The Brand and Value of a Church
What’s in a name? For churches, it could be more than you think.
The Brand and Value of a Church

All of us understand that when you have something of value, you protect it. We may differ on defining value, such as whether it is based on a monetary or sentimental cost associated with the item, but the principle of making sure that an item of value is protected is one that most of us subscribe to. It has therefore become common that when someone shares a great idea, name, or logo for a business for that person to be counseled by lawyers and novices alike to get a trademark to protect their brilliant creation. People recognize that there is a value to someone’s new concept that warrants a measure of protection from those who may improperly use it or even abuse it.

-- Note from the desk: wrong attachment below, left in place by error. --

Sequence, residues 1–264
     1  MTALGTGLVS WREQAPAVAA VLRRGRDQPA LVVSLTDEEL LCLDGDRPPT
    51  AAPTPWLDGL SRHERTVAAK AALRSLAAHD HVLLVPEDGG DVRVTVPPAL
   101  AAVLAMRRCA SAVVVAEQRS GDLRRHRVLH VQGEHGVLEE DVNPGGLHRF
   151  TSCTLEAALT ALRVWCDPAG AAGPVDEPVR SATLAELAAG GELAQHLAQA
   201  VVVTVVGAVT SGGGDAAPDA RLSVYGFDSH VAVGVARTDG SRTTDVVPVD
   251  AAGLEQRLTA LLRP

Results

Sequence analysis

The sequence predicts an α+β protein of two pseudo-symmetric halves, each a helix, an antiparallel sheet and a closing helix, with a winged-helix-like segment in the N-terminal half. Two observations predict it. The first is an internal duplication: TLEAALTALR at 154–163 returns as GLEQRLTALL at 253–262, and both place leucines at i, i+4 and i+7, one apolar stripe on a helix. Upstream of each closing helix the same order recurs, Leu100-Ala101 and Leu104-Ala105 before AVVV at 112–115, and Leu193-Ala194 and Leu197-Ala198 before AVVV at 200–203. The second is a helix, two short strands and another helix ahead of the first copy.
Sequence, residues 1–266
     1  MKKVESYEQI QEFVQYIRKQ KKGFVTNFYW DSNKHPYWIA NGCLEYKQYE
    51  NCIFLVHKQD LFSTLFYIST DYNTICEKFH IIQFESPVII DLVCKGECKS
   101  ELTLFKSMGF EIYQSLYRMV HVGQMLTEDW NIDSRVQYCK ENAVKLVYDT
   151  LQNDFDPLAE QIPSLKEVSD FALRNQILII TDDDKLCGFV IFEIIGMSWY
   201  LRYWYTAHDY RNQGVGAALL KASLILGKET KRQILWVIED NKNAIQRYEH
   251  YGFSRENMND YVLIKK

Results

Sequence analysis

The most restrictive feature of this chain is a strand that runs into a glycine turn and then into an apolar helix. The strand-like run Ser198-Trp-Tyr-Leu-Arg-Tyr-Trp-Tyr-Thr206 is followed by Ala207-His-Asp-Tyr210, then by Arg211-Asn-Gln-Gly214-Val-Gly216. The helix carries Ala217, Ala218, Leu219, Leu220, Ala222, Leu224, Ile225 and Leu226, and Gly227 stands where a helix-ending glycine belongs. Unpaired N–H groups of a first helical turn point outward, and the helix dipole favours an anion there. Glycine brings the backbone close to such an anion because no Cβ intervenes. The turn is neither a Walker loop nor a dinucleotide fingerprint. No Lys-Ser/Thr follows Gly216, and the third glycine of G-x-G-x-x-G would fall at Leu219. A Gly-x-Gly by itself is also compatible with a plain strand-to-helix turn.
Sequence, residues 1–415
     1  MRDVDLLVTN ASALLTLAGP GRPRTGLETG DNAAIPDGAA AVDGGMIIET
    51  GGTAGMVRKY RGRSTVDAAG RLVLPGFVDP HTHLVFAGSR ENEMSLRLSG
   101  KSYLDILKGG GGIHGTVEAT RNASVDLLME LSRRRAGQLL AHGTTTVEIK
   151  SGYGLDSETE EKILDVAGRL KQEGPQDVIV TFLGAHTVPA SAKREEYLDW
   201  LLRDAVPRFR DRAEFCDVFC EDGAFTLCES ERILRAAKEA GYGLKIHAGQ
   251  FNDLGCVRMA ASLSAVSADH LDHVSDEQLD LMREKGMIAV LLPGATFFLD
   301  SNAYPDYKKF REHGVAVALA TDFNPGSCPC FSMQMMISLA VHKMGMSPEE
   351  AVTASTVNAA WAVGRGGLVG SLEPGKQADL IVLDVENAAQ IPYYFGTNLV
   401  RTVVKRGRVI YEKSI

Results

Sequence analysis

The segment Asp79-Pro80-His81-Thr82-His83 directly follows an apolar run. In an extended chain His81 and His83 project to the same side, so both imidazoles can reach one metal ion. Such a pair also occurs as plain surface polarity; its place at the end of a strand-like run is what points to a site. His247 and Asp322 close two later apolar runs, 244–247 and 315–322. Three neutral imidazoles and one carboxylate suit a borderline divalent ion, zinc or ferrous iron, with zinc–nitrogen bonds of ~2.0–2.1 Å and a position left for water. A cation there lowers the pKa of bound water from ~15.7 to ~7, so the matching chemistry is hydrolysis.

I. Churches and Items of Value

Churches are not immune to a misuse of items of value.

Unfortunately, the name and therefore the brand of a church can be tarnished if not properly and duly protected. This can happen in many different ways that I have come across during the course of my practice. On one occasion, a member, standing on the principle that all of us are ministers of the gospel, decided to create business cards and a letterhead with the name and logo of the church, and then represented himself as a minister from that church. He then began to operate in the community under the apparent authority of the church but some of his message and conduct was not consistent with the church’s mission. When the church became aware of the issue and kindly requested that he immediately cease and desist, it was with the concern and consideration that if that “minister” engaged in conduct unbecoming of the church, the reputation and value of the church in the community would be negatively affected.

II. The Consequences of Misusing Church Branding

Within the church there are items relating to the church’s brand that must be protected.